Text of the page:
Robbery rate by country is not easy to find, according to United Nations Office on Drugs and Crime in 2015 Canada rate was equal to 61 per 100,000 people. This is not the best number, it is even higher than Lebanon, Russia, Senegal, Thailand and Kenya. Although we can assume that in many countries robbery is just not often reported due to many reasons; maybe there are no chances to catch a criminal, maybe it is reported often in Canada because people have insurance, so they can get a compensation, or maybe Canadian police is just very transparent as other Canadian government organizations, so they don’t hide numbers and publish everything as it is. In any case robbery seems to be a problem in Canada, but as in The United States chances of being robbed depend on the city and neighborhood.

There is no perfect country in the world.

Despite some local issues overall Canada is a quite safe country, numbers show that Canada is safer than The United States, not to mention troubling South American countries.

How Much It Costs To Buy A House In Canada?

If you want to buy a house in Canada for yourself or as an investment, you will find this article useful. Today MapleDude.Ca going to cover prices for houses in major Canadian cities and provinces.

How Much It Costs To Buy A House In Canada? / Image, table, drawing, picture / MapleDude.Ca
Original image by MapleDude.Ca

A good place to check housing market statistics is The Canadian Real Estate Association. According to this organization average house prices as of April 2018 were the highest in Vancouver city (British Columbia) – $1,092,000 with annual growth of 14.3%. Cost of a house in Toronto was $766,000 on average with -5.1% of annual decline.

Canadian Average price of a house in 2018 was around $495,000 with -11.3% decline which might suggest that the market is overheated.

Let’s have a look at more data from other Canadian cities and provinces, here is the average house prices by city:

Canadian Cities Average House Prices April 2018 / Image, table, drawing, picture / MapleDude.Ca
Canadian Cities Average House Prices April 2018

Note that any “average” numbers are not always representative, there are cheap and expensive houses in all places. The average value gives only a general picture.

And here are the average house prices by provinces:

Canadian Provinces Average House Prices April 2018 / Image, table, drawing, picture / MapleDude.Ca
Canadian Provinces Average House Prices April 2018

Chinese People In Canada

The total number of Chinese Canadians in 2016 / Drawing, Picture, Info-graphic / MapleDude.Ca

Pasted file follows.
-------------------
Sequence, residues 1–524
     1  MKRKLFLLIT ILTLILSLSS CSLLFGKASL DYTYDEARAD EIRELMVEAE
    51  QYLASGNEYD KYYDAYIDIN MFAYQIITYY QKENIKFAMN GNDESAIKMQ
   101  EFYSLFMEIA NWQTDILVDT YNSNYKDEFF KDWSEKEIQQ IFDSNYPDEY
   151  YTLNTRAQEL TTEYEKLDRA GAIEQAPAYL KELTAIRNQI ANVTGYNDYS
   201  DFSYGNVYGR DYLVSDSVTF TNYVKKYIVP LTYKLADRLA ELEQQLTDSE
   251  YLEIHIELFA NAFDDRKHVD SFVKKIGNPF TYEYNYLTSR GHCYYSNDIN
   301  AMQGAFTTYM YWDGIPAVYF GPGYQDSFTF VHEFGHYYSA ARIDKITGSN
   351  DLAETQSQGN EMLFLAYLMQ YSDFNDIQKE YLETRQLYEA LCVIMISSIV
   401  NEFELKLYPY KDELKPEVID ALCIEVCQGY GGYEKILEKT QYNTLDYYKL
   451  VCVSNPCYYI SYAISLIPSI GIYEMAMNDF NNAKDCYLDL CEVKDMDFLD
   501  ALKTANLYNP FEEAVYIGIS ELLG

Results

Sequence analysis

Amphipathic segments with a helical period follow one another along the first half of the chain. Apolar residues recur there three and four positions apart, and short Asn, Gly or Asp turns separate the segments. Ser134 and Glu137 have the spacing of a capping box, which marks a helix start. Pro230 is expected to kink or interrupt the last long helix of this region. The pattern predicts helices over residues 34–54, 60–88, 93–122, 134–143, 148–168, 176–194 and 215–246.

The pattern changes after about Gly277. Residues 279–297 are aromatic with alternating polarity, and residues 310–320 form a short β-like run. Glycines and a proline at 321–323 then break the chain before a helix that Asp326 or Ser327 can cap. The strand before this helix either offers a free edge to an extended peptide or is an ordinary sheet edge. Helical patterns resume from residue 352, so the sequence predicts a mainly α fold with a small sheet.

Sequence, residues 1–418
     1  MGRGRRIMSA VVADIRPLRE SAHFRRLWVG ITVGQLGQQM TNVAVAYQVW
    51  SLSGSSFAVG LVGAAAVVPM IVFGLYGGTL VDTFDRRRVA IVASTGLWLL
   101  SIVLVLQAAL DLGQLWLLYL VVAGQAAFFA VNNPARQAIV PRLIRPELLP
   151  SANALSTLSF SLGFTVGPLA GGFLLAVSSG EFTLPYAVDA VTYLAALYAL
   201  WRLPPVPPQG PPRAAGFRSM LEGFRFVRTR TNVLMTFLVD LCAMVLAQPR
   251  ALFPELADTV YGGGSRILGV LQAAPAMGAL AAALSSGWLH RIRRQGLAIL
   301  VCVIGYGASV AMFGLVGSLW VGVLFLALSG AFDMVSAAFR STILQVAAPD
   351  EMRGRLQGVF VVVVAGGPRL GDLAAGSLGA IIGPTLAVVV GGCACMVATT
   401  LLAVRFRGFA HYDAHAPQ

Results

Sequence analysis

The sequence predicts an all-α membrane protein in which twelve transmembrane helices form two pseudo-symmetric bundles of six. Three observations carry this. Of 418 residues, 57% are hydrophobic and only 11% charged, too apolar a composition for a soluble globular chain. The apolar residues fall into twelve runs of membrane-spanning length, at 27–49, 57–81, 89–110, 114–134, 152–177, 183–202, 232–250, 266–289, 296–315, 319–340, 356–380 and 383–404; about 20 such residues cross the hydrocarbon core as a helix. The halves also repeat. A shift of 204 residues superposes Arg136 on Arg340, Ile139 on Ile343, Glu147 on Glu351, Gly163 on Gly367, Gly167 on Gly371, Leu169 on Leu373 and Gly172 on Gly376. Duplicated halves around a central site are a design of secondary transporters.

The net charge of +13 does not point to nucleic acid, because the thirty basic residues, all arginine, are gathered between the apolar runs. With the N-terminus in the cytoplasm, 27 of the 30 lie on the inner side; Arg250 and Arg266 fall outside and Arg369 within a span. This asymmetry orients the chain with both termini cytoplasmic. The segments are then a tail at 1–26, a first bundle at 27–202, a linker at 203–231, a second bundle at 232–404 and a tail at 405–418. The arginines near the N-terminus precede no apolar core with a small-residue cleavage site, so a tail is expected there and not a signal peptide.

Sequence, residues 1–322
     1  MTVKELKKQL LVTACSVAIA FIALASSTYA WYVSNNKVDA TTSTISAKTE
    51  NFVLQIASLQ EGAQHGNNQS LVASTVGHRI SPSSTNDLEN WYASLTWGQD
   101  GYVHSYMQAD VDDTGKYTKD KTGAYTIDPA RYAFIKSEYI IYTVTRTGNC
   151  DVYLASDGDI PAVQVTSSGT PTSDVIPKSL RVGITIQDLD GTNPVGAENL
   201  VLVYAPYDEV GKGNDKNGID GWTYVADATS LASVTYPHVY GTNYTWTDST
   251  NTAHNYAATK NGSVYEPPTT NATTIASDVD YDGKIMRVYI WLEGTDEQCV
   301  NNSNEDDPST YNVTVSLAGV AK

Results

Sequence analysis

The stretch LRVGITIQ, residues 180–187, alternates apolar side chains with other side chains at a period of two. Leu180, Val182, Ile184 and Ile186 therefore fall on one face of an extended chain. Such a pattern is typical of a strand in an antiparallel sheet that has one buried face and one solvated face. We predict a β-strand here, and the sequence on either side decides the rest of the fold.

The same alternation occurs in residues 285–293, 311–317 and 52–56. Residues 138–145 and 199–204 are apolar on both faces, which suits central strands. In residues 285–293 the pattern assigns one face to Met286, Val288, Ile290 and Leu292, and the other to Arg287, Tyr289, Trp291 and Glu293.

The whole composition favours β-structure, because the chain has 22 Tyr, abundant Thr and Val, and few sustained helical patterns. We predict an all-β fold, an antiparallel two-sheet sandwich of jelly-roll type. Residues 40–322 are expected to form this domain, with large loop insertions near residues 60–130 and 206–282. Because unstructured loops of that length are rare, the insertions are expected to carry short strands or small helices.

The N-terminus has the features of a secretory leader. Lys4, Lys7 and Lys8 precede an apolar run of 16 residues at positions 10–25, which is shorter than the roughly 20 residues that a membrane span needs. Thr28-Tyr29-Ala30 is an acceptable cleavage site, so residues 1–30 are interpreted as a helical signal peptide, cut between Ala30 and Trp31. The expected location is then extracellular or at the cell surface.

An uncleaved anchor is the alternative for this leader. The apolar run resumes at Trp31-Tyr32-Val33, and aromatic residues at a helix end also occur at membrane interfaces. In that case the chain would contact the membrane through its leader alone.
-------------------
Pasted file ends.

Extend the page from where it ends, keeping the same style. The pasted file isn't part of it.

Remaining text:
The total number of Chinese Canadians in 2016

Have you ever wondered how many people with Chinese background
(From China Mainland, Taiwan or Hong-Kong) live in Canada right now? Is it 2 million, 1 million or maybe 10?

According to Canadian census 2016 there were 1,769,195 people with Chinese ethnic origin, which is 5.1% of total Canadian population.

How many Chinese people come to Canada every year?

To answer that let’s take a look at the express entry report for 2017. Express Entry is a Canadian immigration program with open statistics. According to this data there were 7,466 invitation issues for people from China to come and settle in Canada in 2017, it is 9% of total number of invitations. In 2016 it was 2,741 people (8%), but in 2016 the total number of immigrants was much lower from all countries.

Invitations issued to candidates by country of citizenship  / Drawing, Picture, Info-graphic / MapleDude.Ca
Invitations issued to candidates by country of citizenship

It worth to mention that The Express Entry is not the only program Canada has which allows to immigrate, so these are not total numbers of people who are coming, a big portion is family reunion and sponsorship.

The total number of citizens from the People’s Republic of China landed in Canada in recent years had a minimum of 19,512 in 2015 and the maximum of 34,116 in 2013.

Source: Government of Canada.

In what provinces Chinese Canadians usually live?

Geographically and historically British Columbia was the place to immigrate from Asia, not only from China, but from Japan and Korea too. Today the majority of Chinese Canadians settle in Ontario.

According to 2006 Census there were 713,245 Chinese in Ontario and 464,800 in BC in 2006.

Canadian provinces with Chinese population / Drawing, Picture, Info-graphic / MapleDude.Ca
Where people from China usually settle in Canada?

Changes in immigration from China to Canada and history

Chinese immigration to Canada started in a long time ago, in 1891 only 0.2% of Canadians had Chinese background and after that for almost 100 years (until 1981) this number didn’t grow much. After 1981 Chinese immigration started to growth, but in recent years it remains quite stable. Note that Statistics Canada considers Taiwanese Canadians as a separate group in all researches.

You can find a brief chronology of Chinese Canadian history here:

The number of immigrants from China grew 63.9% from 332,825 in 2001 to 545,535 in 2011, making Chinese the second largest foreign-born group in Canada.

https://canadaimmigrants.com/chinese-immigrants-to-canada/

How rich are Chinese Canadians?

Another interesting question to cover in this article is how rich are Chinese Canadians? globalnews.ca reported that Canada now #2 immigration destination for rich Chinese after The U.S. Of course not all people coming from China to Canada are very rich, but this report states that Vancouver became #5 city where wealthy people from China want to but property or immigrate (Toronto took 8th place).

It is quite expensive to immigrate in general for a person from any country, cost of living in Canada is quite high compared to many countries, this means that many immigrants in Canada are not poor, not only Chinese. You have to have enough money to live in Canada for a year, this amount is somewhere around 15k, not to mention that cost of education for international students are much higher, compared to Canadians and people with PR (Permanent Residents status).